This portion of The Designer's Guide getting lengthy, and I work for a living, so I will leave you with this last important bit of advice. Go to Everett Street Bistro. Don't question it, why would you question it? Just order the clam chowder and the braised short ribs and call it a night, and if you must, add the flourless chocolate cake, and if you're trying to really enjoy yourself, order a glass of the A to Z Wineworks Chardonnay (local Oregon wine) or perhaps the entire bottle. Of course, I wouldn't suggest the Chardonnay in the fall or winter, but in the last days of summer, it just felt right...

Tuesday, September 18, 2007

Salivating over these lanterns!

I just saw this incredible paper lantern on Apartment Therapy Los Angeles' Blog, and you know how I love my light fixtures. I've got a bit of a love/hate thing with Japanese design, sometimes it's just too sparse for my taste, but I've always been really into beautiful handmade rice paper which this company uses and can even customize. You can check out this lantern and others on the Miyako-Andon website.

It's Magic

I've always been a big fan of floating candles. I love putting them in my bathtub during parties even though it turns the facilities into a sauna! So this year for my birthday, I thought I would take it to the next level and put a bunch of candles in the pool. Great idea in theory except that it was windy, know. Anyway, I came across these Magic Globes online...presto-problem solved!

Mini Job Flood

I say "mini" flood because it's not as if I'm taking on huge jobs right now, but I have picked up a handful of little guys and it's keeping me busy. Just had a meeting yesterday with a woman in Beverly Hills who had previously worked with my mentor Merlene Bryant, which is how I was referred, and it went well. Simple enough-get a set of dining room chairs reproduced and reupholstered, so she could sit the whole family around the table at Thanksgiving. I haven't actually had antique furniture reproduced before, so I'm going on a hunt today. My first stop is Steven Thomas Antiques in Santa Ana. I was tipped off to this guy about six months ago during a little resource exchange in my Business Strategies class. It's always a great idea to write down any resource that people are recommending because you never know when you'll use it!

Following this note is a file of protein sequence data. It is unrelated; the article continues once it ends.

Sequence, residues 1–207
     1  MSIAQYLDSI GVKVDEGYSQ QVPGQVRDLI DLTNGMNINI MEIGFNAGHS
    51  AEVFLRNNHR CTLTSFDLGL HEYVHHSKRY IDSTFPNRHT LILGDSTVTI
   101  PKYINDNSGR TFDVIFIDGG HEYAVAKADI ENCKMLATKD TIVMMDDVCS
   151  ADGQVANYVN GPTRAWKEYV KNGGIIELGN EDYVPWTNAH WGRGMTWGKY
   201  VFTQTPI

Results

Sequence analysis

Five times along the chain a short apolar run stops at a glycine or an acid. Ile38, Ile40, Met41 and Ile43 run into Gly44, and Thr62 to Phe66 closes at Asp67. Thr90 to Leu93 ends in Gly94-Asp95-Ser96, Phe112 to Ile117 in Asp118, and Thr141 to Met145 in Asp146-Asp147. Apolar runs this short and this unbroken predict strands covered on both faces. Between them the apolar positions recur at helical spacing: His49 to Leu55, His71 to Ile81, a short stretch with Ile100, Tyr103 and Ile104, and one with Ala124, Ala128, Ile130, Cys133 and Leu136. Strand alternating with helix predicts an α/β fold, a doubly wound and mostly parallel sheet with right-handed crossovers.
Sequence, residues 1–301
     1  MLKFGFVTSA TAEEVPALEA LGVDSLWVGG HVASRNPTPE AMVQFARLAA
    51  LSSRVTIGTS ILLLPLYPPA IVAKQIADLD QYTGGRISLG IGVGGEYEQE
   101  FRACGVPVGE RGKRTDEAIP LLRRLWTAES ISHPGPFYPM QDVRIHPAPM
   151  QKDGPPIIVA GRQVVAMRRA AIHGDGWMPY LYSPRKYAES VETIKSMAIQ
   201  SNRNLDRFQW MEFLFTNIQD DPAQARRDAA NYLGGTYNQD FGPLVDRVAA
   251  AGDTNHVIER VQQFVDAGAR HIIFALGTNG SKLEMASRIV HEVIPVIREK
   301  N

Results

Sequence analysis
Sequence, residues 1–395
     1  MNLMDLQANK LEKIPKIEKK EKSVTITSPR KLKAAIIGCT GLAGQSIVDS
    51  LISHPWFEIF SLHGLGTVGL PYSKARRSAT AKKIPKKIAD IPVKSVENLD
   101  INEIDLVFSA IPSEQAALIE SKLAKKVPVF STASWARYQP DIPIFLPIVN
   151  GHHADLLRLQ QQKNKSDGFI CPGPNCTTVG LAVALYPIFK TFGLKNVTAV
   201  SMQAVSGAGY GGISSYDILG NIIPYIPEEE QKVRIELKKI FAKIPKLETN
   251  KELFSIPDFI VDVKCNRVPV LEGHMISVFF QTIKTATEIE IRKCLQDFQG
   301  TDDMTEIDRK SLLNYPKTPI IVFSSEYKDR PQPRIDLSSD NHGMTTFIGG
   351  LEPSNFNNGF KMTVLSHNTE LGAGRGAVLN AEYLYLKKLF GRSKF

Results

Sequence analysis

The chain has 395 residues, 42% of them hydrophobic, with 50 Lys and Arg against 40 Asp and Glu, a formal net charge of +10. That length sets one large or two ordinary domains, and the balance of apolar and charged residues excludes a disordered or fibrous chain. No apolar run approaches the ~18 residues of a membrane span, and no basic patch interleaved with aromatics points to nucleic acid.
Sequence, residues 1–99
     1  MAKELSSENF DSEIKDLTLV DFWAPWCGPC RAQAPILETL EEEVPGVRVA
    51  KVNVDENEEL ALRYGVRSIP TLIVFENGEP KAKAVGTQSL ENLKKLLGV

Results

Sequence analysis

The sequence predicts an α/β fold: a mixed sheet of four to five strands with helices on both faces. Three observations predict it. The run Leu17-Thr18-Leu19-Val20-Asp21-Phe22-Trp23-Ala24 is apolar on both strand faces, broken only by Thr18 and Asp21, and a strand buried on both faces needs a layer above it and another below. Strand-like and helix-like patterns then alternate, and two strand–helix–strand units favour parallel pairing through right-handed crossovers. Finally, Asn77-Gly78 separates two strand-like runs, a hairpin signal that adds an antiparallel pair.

My second little project is a trip to Portland this Thursday and Friday to set up the apartment of a client who's house I recently completed in Hermosa Beach. This is interesting because I haven't seen any photos of the apartment, so I'm basically winging it when I get up there. I am preparing for the trip by looking up local resources, so I can do a whirlwind shopping trip Monday and set everything up on Friday. This is exciting because I don't normally design in this way...I'll imagine that I'm on Design Star and Kelly Wearstler, etc will rip me apart if I don't get it right!

My third small project, the details of which are still being hammered out, is a referral from my next door neighbor who connected me to a friend of his that lives right up the street from me-gotta love the convenience factor there. The potential client rents, which I don't normally love to get involved with because you're so limited in what you can do to the place, but it needs a facelift nonetheless. The space is your typical bachelor pad, which is to say there hasn't been an extensive amount of thought put into the design, and it doesn't exactly scream "home aka Nest". I like the idea of doing this because I know that with minimal furniture and accessory purchases along with rearranging the furniture layout, this place can be 1000% better. The client also has his own clients and colleagues over to the space, which makes it even more imperative to clean up his act.